Thursday, February 3, 2011

Try the Oxford English Dictionary Online (Extended Trial Access through June 30, 2011)

The Oxford English Dictionary, published by the Oxford University Press, is a comprehensive dictionary of the English Language that stresses the historical origins of words. The online edition provides quick and easy access to approximately 600,000 words from 1150 C.E. to the present day, with details of their meaning, history, and pronunciation, both present and past. It traces the usage of words through three million quotations from a wide range of international English language sources, from classic literature to film scripts and cookery books. Hundreds of new entries are added every year, with the aim of producing a completely updated third edition. Draft material from the revision program is published online, alongside unrevised entries from the 2nd Edition (1989) and its Additions Series (1993,1997). Quarterly updates revise existing entries and add new words.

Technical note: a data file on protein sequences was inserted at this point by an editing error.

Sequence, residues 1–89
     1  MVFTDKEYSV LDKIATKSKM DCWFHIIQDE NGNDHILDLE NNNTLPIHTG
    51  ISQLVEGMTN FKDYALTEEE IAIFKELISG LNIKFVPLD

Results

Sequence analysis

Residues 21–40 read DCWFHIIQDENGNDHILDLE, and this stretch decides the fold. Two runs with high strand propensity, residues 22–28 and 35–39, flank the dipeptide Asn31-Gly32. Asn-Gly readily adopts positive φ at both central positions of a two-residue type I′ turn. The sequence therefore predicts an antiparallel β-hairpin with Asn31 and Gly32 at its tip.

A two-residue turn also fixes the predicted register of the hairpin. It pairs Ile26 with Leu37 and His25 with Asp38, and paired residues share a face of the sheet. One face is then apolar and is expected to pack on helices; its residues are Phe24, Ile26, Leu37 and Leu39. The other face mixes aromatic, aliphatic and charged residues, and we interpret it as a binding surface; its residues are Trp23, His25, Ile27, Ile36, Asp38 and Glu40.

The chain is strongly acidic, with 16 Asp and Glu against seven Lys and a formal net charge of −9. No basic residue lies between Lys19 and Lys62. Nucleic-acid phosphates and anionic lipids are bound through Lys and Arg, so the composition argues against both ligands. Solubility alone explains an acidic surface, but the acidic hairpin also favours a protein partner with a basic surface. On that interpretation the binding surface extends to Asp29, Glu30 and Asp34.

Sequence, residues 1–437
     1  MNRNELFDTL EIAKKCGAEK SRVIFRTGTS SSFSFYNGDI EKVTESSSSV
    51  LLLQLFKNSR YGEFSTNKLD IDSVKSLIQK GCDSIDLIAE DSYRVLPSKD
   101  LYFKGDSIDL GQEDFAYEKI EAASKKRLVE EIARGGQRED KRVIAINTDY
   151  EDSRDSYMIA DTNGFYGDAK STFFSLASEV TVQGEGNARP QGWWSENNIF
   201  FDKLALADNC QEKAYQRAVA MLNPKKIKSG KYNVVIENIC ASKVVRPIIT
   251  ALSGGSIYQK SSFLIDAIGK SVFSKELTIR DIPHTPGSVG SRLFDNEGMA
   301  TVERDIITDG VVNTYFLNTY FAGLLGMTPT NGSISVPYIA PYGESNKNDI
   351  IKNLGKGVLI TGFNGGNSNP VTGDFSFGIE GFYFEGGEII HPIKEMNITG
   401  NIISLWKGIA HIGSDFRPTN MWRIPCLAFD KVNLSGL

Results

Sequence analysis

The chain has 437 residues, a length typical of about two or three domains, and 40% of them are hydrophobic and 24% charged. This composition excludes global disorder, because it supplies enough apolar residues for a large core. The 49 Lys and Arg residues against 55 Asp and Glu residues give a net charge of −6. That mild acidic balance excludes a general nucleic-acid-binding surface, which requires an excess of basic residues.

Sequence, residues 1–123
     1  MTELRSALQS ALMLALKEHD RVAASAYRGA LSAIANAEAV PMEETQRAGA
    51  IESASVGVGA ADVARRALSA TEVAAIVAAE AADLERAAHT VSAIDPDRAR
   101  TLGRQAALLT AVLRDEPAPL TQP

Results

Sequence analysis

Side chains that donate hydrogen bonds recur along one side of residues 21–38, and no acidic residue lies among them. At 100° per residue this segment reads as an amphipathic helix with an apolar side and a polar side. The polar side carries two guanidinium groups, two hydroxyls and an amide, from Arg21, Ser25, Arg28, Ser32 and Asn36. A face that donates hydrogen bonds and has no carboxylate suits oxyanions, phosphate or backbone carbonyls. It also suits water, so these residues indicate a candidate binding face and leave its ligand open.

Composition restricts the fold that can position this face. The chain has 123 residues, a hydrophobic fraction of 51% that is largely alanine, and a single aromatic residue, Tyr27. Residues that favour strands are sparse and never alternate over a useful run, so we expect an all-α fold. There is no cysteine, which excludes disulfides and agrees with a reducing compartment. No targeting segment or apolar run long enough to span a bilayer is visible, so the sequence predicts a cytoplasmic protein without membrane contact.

As the Oxford English Dictionary is a historical dictionary, its entry structure is very different from that of a dictionary of current English, in which only present-day senses are covered, and in which the most common meanings or senses are described first. For each word in the dictionary, the various groupings of senses are dealt with in chronological order according to the quotation evidence, i.e. the senses with the earliest quotations appear first, and the senses which have developed more recently appear further down the entry. In a complex entry with many strands, the development over time can be seen in a structure with several 'branches'.

A wonderful resource for English language studies, the Oxford English Dictionary is a living document that has been growing and changing for 140 years. It not only provides an important record of the evolution of the language, but also documents the continuing development of society. All students and faculty are invited to explore the treasures of the Dictionary during this extended trial period. Please contact Richard Kearney ( x2165 / ) if you have any questions about the Oxford English Dictionary online.

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